Isn’t it funny how expectations rarely match reality?

Going to meet friends for a night out (drinking, singing, overall carousing) always sounds like a lot of fun. The reality rarely meets the expectation, especially when you find yourself hunched over a porcelain throne that hasn’t been cleaned in a while. Alcohol has a way of stripping the hard edges of reality away, blurring memory and perception, leading to bad decisions (like drinking more alcohol).

Amusement parks are always fun, drawing flocks of people. Somehow between visits you forget the long lines, the constant beating rays of the sun, and the sunburn inevitably creeping across your face. Especially if you go with children, reality is often spent soothing cranky kiddos after an expensive sugar overload and doing mental math to determine how long you need to stay to make it worth the expense of having come.

Starting a blog, your mind filled with hopes and plans for how many visitors you will gain, improving each week, and the promise of a hundred followers in X amount of time. Reality usually finds you searching for topics, trying to figure out why one post got a dozen visits and another only got one, all the while wishing that dozen were the lower number. Even frantic google searches for how to succeed at blogging are little help, especially when you aren’t an expert in the key niches, but simply a writer trying to quit your day job.

Finally finishing a good book, enjoying those closing moments as everything wraps up and the tension dissipates… only to immediately wish it wasn’t over. Wanting desperately to return to friendships developed over hundreds of pages, the company of those individuals you came to know so intimately over the course of events. Missing the vivid landscapes, perilous events, and heartfelt individuals experienced within your mind.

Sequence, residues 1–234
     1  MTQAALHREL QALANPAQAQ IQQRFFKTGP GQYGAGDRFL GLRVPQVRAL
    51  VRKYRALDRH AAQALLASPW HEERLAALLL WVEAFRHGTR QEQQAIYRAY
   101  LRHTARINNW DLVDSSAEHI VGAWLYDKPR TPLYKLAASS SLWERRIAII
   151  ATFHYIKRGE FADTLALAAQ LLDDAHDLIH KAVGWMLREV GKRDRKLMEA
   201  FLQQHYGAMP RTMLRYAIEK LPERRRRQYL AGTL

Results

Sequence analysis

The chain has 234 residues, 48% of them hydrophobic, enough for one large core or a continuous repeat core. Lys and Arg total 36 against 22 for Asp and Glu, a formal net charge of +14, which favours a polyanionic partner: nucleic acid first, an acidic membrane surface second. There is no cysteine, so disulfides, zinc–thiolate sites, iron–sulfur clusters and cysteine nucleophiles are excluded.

Being separated from someone you care about, but figure you’ll enjoy the alone time. At first you think of all the annoying things about that person, convincing yourself you’ll be just fine solo. Then you sit down to watch a show they didn’t like and start thinking about them. They’d be on their phone right now, sitting next to you, every so often interrupting to ask what’s going on (since they’ve been ignoring it until something major happens).

Sleeping alone after months of cuddling, you think it will be nice to have the whole bed to yourself for a while, but find yourself missing a comforting presence. Even asleep you search for them, scooting all over the bed in search of that solidity. A chill settles at your back where they had provided warmth. Your arms fail to provide the solidity offered by a protective band around your chest.

Missing someone sneaks up on you, catching you unawares in the quiet moments, springing leaks that aren’t really crying, but still leave traces down your cheeks and wet your pillow. No amount of preparation is enough for the sheer emptiness of losing someone’s presence.

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